Inverted Yield Curve Explained in 5 Minutes

This week the Yield Curve for US Treasuries inverted. You have probably seen all the news articles talking about this one financial metric. I am going to explain what this means and how it will affect your money. WATCH NOW

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US Federal Reserve:

US Treasury:



What is the yield curve anyway? The yield curve is the rates of return you can expect to receive when you purchase a US Treasury Bond. If you go to the website of the US Department of the Treasury, they post the rates every day. Here are the rates from Friday, April 1, 2022. You can see the different durations of all the bonds, and the rates for each one.

What you need to realize, is that this one metric effects everything else in the financial world. The US Treasury is considered the least risky investment you can get. It is the financial backbone of the global economy. So, if something happens to the yield curve, it trickles down to everything else in Finance.

To understand how wild these numbers look right now, you need to know what the numbers are supposed to look like. Here are the average yield curve rates for 2021. A normal yield curve shows rising rates for greater durations of bonds, which is what we see here. This makes sense, because the longer you hold an investment the riskier it becomes. The higher the risk, the higher the return. If you were to hold a two-year treasury bond, you would expect to see it trading with lower yields than a ten-year bond, which is what we see here. If we graph these values, we see a beautiful yield curve with rising rates over time. This is what the yield curve should look like.

Here is the inverted yield curve from Friday. An inverted yield curve is when shorter bonds are selling for higher yields than longer bonds. We see that the two year bond yields more than the ten year bond. This should not happen and is a sign that something strange is going on in the market.

Here is another way to look at it. This is a chart showing the difference in yields between the two year and ten year bonds from 1980 to today. You can see that the line is normally above zero, because normally the ten year bond is trading for more than the two year bond. But sometimes, the line dips below zero. This is when the yield curve is inverted. The grey bars on this chart stand for recessions. So you can see that a recession typically happens about twelve months after the yield curve inverts.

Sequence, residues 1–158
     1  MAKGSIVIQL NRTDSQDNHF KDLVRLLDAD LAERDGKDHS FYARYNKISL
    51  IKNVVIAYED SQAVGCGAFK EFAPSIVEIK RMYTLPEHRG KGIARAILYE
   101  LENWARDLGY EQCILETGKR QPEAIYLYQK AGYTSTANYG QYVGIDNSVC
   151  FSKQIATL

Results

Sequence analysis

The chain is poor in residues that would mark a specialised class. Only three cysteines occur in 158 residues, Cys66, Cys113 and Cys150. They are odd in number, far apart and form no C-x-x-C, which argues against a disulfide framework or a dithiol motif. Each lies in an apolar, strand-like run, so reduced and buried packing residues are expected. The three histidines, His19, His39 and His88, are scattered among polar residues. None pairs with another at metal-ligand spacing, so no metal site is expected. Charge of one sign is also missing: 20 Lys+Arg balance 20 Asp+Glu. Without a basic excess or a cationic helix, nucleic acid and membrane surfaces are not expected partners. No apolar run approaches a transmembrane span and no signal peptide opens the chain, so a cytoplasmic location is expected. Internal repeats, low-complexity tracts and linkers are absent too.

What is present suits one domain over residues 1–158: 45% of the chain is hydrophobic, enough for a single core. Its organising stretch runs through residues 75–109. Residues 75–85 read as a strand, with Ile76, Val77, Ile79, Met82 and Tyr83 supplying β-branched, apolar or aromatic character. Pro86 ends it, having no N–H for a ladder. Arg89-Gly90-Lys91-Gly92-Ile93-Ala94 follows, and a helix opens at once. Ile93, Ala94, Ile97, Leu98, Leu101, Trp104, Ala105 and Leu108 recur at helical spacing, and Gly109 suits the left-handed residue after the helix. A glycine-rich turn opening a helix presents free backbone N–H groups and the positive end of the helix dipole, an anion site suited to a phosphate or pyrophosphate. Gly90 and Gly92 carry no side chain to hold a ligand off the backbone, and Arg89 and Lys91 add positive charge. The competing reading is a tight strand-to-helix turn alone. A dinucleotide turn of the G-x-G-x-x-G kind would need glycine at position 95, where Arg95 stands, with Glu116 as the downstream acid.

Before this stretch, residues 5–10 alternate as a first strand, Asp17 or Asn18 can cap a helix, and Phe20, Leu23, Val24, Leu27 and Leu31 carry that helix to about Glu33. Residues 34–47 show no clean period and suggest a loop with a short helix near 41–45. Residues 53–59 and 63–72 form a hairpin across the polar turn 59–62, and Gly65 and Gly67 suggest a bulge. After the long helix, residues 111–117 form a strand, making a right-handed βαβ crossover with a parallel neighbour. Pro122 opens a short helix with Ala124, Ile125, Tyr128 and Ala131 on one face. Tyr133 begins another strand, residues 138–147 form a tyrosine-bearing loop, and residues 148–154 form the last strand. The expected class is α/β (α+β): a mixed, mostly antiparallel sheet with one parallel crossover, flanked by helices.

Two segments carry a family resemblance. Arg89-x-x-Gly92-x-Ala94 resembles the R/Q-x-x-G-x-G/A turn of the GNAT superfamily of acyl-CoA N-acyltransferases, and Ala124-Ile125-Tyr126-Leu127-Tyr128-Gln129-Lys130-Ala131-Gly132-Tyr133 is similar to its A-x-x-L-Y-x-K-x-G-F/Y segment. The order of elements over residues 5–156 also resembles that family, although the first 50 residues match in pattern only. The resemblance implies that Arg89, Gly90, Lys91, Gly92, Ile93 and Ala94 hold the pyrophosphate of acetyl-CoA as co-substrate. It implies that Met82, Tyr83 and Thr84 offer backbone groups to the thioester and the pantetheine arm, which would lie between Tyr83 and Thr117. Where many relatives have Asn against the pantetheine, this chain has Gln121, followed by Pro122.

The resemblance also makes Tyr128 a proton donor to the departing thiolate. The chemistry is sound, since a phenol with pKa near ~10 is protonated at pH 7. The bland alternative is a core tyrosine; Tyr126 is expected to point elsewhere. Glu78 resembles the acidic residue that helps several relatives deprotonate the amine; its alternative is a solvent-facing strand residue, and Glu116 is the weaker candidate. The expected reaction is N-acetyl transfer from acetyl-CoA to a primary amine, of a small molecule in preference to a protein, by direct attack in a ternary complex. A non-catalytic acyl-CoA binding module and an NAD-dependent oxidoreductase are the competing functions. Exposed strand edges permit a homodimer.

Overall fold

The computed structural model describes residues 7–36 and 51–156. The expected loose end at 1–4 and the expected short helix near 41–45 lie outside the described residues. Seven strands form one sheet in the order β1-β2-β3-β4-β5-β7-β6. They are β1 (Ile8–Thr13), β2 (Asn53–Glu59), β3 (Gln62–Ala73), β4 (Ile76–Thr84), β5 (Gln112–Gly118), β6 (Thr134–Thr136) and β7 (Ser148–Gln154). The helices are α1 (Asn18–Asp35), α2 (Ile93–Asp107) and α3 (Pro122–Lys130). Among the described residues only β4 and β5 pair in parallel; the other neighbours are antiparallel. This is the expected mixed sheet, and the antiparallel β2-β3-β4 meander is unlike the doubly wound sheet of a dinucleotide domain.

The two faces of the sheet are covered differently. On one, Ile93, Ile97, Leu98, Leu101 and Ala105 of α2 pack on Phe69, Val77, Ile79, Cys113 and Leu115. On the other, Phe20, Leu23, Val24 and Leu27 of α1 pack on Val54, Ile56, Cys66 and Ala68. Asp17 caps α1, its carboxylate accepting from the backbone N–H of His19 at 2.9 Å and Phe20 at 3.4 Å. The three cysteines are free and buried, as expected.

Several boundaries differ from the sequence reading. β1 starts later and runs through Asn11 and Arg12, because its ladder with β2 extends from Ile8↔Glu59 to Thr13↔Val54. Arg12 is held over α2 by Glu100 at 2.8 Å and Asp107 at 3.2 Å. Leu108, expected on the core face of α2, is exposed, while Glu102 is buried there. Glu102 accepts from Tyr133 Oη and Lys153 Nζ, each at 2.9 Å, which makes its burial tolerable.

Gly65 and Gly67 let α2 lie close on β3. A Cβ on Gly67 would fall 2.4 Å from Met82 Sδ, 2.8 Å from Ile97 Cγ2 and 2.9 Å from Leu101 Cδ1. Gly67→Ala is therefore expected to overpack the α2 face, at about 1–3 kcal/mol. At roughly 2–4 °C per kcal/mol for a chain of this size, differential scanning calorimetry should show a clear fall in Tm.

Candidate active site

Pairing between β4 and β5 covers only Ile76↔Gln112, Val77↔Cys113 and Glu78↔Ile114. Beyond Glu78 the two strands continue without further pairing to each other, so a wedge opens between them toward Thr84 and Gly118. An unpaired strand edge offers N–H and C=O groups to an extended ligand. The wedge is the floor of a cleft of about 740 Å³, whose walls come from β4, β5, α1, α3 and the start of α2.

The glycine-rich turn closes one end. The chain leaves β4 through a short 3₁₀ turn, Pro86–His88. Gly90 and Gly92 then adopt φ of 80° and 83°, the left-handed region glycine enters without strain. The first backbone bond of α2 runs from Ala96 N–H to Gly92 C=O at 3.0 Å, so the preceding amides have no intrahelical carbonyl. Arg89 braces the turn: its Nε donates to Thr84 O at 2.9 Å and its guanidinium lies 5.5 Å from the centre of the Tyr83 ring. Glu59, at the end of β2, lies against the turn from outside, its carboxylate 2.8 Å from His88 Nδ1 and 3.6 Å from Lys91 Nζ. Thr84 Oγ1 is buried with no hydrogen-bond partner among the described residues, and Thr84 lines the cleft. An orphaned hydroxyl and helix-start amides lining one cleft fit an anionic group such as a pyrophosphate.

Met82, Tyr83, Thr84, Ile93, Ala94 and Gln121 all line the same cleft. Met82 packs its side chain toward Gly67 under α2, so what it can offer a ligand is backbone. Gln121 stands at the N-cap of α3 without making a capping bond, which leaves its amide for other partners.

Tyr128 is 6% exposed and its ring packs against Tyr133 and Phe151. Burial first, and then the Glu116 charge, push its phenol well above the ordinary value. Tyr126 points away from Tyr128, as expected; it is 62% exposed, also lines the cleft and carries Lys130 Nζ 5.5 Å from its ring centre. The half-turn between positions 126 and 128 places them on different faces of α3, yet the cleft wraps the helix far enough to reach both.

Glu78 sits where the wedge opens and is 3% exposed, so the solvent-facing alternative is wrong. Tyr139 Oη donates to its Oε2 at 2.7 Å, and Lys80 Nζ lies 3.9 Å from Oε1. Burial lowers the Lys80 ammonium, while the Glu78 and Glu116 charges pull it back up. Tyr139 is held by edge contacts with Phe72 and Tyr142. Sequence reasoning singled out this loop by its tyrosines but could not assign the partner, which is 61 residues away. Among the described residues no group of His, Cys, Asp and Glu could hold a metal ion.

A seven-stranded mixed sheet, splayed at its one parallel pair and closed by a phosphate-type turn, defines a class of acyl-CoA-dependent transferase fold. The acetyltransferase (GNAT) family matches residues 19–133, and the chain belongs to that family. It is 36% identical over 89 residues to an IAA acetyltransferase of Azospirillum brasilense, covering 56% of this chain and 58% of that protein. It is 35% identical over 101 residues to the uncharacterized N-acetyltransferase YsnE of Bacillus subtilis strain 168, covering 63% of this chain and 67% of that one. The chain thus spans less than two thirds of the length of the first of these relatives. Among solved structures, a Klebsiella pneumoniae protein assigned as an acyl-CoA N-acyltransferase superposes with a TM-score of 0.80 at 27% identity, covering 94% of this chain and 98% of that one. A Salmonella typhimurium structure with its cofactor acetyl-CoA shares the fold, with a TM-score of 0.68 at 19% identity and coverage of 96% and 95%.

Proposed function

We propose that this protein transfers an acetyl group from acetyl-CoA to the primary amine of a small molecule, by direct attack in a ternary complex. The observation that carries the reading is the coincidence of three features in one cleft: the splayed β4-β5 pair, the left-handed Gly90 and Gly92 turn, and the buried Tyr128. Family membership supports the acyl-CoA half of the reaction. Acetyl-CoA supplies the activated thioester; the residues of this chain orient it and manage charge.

WARNING: No financial metric is a guarantee of the future. It can always turn out to be a false alarm. But historically, this metric has been a good predictor of financial stress on the system, because an inverted yield curve is not normal.

How could this happen? Let us talk about the behaviors that is going on. Imagine a business executive with a large financial portfolio. Now, imagine a country like Russia is threatening the world with nuclear war. This person is holding a portfolio of 50% stocks and 50% bonds. This person says to himself, “I want to make my portfolio a little less risky, in case the stock market drops in the future.” In this case, the person might change the portfolio to 1/3 stocks and 2/3 bonds. For this situation, they would probably look to purchase five to ten-year bonds. Now if everyone tried to do this at the same time, supply and demand would push the price for these bonds higher. When you buy a bond, you pay one price at the beginning, and you receive set payments every period over the life of the bond. Those payments are not going to change. So, if you pay more money up front, that means overall you are making less money. More demand equals higher prices. Higher bond prices mean lower yields. In this situation, the five and ten-year bond yields would decrease, and the two-year bond would remain the same, causing an inversion.

In summary, if the yield curve is inverted, that means there is unusual market forces going on. Everyone is trying to purchase the safest asset class they can. This means, people are likely leaving the stock market, which could drive down stock prices over time.

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Neither Zach De Gregorio or Wolves and Finance shall be liable for any damages related to information in this video. It is recommended you contact a CPA in your area for business advice.